“It’s nice to be in the maglia rosa, but it will be hard to keep it for three weeks,” Dumoulin said. “We aren’t planning on defending it every day so we will see what we do with that in the coming days.”
Dumoulin won the decisive time trial in 2017 and rode well in the Giro’s mountains. On the final day in Milan, he overtook pink jersey wearer Nairo Quintana (Movistar) to win the race overall. He was the first Dutchman to do so in the race’s 100 editions.
Dumoulin began the 101st edition with a bang, covering the 9.7-kilometre course in 12-02 and toppling the Australian Dennis who had been in the hot seat – also putting helpful seconds into his most serious rival, Sky’s Froome.
“It’s a bit of a surprise that the difference is so big, I expected differences, of course, maybe they’d be bigger in a flat or easier time trial stage,” Dumoulin said.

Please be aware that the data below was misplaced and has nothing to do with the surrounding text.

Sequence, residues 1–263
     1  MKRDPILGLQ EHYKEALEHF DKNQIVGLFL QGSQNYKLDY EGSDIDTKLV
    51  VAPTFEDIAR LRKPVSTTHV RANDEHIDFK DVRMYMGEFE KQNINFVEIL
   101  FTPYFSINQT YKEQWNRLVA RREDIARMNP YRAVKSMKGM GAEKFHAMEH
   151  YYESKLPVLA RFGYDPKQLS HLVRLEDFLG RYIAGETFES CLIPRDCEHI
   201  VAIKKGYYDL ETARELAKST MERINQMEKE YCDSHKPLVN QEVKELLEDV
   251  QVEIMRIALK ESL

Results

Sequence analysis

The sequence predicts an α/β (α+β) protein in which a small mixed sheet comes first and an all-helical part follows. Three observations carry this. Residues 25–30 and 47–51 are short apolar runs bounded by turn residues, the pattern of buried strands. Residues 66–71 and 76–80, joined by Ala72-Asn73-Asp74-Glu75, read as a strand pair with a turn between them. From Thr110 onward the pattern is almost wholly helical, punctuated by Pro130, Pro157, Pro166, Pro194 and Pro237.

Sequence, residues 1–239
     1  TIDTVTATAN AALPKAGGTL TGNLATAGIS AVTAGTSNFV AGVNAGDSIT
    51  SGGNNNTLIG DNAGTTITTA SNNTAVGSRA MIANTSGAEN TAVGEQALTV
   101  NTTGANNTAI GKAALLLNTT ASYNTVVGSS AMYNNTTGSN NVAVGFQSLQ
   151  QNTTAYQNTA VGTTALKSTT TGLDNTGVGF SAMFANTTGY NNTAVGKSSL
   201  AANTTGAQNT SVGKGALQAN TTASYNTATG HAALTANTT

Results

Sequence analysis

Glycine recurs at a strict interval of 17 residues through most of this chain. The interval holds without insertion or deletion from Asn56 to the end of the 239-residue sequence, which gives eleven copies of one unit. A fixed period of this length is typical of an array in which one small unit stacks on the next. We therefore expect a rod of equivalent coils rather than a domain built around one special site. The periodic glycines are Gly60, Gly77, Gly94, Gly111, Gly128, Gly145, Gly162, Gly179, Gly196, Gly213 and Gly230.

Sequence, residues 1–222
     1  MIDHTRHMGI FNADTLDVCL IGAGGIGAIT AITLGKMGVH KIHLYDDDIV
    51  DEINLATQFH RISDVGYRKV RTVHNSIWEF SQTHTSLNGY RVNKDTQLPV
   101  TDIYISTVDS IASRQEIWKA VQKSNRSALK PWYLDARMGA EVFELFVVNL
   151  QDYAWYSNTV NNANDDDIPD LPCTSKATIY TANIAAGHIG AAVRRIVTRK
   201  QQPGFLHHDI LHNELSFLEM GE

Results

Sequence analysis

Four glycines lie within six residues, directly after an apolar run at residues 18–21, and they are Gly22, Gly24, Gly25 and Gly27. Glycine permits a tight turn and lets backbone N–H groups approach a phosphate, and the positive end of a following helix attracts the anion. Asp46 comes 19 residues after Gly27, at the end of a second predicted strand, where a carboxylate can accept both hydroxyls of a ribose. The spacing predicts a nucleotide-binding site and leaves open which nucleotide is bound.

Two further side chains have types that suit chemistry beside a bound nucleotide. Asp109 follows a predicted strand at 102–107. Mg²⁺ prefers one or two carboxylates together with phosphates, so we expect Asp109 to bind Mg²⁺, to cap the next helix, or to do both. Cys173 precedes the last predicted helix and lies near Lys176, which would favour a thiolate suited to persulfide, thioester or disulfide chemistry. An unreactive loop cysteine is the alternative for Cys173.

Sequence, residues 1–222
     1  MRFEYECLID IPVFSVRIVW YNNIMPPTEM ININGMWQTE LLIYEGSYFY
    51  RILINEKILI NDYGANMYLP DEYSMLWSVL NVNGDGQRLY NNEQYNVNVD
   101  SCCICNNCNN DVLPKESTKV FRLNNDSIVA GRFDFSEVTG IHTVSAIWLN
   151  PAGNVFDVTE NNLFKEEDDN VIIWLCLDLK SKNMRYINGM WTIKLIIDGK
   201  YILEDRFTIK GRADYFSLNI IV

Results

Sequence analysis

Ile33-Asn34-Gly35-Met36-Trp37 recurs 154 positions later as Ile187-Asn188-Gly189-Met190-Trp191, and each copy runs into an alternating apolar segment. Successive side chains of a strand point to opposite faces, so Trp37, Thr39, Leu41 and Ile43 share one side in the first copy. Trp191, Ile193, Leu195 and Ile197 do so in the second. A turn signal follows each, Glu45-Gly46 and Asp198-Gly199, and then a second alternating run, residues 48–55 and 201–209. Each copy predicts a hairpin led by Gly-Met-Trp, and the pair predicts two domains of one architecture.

“This one was really challenging and it suited me very well. I’m technically really good on the TT bike. [The efforts were very] full gas and then recover, full gas and recover. That’s exactly made for me.”
With the ride, Dumoulin is firmly in the pink jersey lead. The first monotonous stage is next week, the summit finish to Mount Etna. Perhaps there, a rival like Simon Yates (Mitchelton-Scott), only 20 seconds down, could upset Dumoulin and take the lead – and with it the race responsibility.
Dumoulin’s team was criticised and appeared underpowered at times in 2017. In 2018, the team comes to the Giro with slightly more firepower to help Dumoulin defend his place and win the Giro when the race ends on May 27 in Rome.
“It’s a balanced team but not [the] best team. This year, I wouldn’t say we have [a] better or worse team, we have a good team again. [Our] climbing strength [is] a bit better than last year,” Dumoulin said.
“We will see how it evolves and the shape of everyone. We cannot compete with Orica or Sky, like last year, [but then] it all worked out. We have a really strong team. I am really confident we can pull it off again.”